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You should change it by running chsh -s /path/to/the/shell/that/you/like and then logging out and logging in again. You should NOT do it by configuring the "Shells open with: Command (complete path):" setting in settings.

If you attempt to change it by configuring the "Shells open with: Command (complete path):" setting in settings but leaving your default shell as is (that is, not running chsh -s /path/to/the/shell/that/you/like), you will be in a world of pain. You will keep having inconsistencies between the behavior that you get on vs. the behavior of the (other) apps that you use, since the (other) apps that you use will honor the default shell configuration that's set by running chsh -s /path/to/the/shell/that/you/like. The "Shells open with: Command (complete path):" setting in settings is completely irrelevant for the (other) apps that you use.

By the way, an alternative to running chsh -s /path/to/the/shell/that/you/like is to:

  • Open Sys

If you wished that you had the ability of declaring the response body's types for your fetch calls beforehand (where you made the call), you can use the following fetch wrapper:

interface GenericResponse<T> extends Response {
  clone(): GenericResponse<T>;
  json(): Promise<T>;

export default async function genericFetch<T>(
 input: RequestInfo | URL,

Most likely, the AWS user that is associated with the app does not have API execution permissions. To fix this, perform the following steps. If you already have an AWS user, you can skip the first two steps. Note that the steps here are not necessarily the "best practices" as suggested by Amazon. Nevertheless, they are the most straightforward ones and shouldn't cause any problems:

  • Create an (any) AWS account. Note that the AWS account does not necessarily need to have any relation whatsoever with the account that you used to create your Amazon Marketplace.

  • Go to AWS Identity and Access Management Console (IAM) and create a user without any group memberships or attached policies whatsoever. Give a name of your choosing to the user.

  • Select the user that you've just created and expand the "Add permissions" dropdown menu and select "Add inline policy". On the editor that's just been launched, select JSON and replace its contents with the following:



All the information that you need are in the following links, in the given order:

  • [typescript-eslint installation]
  • [typescript-eslint configuration]
  • [eslint-plugin-prettier installation]
  • [eslint-plugin-prettier recommended configuration]
  • [TypeScript configuration]

The exact steps that you need to follow are:

  • mkdir project

Python 2

sudo apt install python-svn 

Python 3

sudo apt install python3-svn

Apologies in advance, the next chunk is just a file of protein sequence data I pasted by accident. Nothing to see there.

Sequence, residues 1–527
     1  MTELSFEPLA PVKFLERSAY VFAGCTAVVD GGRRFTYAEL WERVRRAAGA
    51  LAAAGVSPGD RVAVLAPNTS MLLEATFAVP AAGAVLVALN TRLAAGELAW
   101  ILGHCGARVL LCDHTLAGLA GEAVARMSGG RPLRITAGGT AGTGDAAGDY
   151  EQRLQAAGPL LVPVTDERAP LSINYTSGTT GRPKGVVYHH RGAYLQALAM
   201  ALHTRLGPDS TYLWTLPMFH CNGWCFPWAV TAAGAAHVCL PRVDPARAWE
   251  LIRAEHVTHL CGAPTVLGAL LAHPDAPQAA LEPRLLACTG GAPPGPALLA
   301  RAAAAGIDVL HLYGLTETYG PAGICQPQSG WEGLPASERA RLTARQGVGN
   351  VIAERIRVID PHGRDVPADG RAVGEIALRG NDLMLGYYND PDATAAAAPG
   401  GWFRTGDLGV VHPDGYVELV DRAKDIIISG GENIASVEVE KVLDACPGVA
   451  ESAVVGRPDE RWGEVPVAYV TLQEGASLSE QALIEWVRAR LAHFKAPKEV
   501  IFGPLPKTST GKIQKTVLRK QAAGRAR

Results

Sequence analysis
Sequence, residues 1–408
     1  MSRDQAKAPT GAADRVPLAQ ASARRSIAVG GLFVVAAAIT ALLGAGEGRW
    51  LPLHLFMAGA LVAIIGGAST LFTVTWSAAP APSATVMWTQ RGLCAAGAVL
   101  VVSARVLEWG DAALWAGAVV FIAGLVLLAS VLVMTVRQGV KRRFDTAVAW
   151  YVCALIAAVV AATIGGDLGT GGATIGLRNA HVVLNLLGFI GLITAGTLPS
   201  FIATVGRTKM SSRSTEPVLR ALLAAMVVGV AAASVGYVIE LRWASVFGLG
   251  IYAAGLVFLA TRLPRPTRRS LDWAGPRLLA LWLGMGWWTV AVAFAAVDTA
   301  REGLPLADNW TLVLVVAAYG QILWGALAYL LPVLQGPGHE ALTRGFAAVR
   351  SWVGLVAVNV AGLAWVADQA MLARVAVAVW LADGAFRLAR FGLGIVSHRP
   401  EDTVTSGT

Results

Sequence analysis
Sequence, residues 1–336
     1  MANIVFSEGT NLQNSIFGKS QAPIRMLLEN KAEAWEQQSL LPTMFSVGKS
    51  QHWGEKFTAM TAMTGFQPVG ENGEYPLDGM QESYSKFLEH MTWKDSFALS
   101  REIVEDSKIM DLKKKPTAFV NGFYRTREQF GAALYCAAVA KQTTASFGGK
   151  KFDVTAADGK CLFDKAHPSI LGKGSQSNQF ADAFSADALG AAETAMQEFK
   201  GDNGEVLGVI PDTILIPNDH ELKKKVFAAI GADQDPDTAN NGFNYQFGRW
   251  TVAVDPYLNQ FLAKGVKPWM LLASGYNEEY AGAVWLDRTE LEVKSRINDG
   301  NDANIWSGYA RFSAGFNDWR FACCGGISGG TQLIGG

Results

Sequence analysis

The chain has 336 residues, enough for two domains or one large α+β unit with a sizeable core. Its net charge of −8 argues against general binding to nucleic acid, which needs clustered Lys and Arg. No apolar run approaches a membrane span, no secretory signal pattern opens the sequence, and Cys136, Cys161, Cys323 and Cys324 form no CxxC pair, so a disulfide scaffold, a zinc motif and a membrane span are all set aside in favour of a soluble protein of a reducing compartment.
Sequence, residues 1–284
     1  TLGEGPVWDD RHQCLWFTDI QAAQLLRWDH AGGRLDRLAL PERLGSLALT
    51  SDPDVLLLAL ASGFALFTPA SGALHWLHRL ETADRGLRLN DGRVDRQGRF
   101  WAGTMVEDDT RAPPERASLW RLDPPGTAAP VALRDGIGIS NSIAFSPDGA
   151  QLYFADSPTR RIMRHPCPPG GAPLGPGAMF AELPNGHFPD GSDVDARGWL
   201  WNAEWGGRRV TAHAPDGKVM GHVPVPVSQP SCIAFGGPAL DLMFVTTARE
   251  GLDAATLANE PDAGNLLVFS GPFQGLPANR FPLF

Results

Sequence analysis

You can't. There is a --no-experiments command line option but it doesn't work, neither on Chrome, nor on Brave, at least on macOS. Hence, your only practical option is to use Safari for such situations. This means that it makes sense to keep Safari as the default browser on Mac.

  1. Navigate to the Search tab (SHIFTCMDF).
  2. Enter the text to search in the top box.
  3. In the box named "filed to include", enter the path of the Node.js module that you would like to perform the search on. For example: ./node_modules/jsdom.
  4. On the right of the box named "files to exclude", click on the gear icon to disable excluding ignored files. That is, deactivate the "Use Exclude Settings and Ignore Files" button.

That's it. The last step is frequently overlooked, so it is particularly important. If you do not deactivate it, then the search will be made only for files that are already open as a tab on your Visual Studio Code window, which would be misleading.

Making changes is easy. The important thing is to preserve the changes. A change to node_modules occurs any time we install or remove a package.

To preserve the changes, we can add the file to version control by running:

git add -f <path to the file in node_modules>

This way, the original version can be restored from Git.

The next step is automating this. To do so, we can define a wrapper shell function for the npm command. For example, in Bash:

ugultopu / SortedList.js
Last active April 29, 2022 12:17
An array based sorted list implementation in JavaScript. Compatible with array methods such as splice and slice.
class SortedList {
constructor(items, comparator, locator, itemsAreSorted = false) {
items = [...items];
if (!itemsAreSorted) items.sort(comparator);

All you need to do is to modify your PROMPT_COMMAND environment variable so that it will send an alert (bell). The value of PROMPT_COMMAND is evaluated before every command prompt, meaning that it is evaluated after the end of every command.

To do so, open the startup file of your shell and append ; tput bel (or ; echo -e '\a') to the value of PROMPT_COMMAND. If PROMPT_COMMAND isn't present, create it with the value:

PROMPT_COMMAND+='; tput bel'

Now, you will get an alert after the end of every command, unless the terminal tab is focused when the command is finished.

Terminal gives you a couple options for configuring the alert (bell) behavior. You can access these by: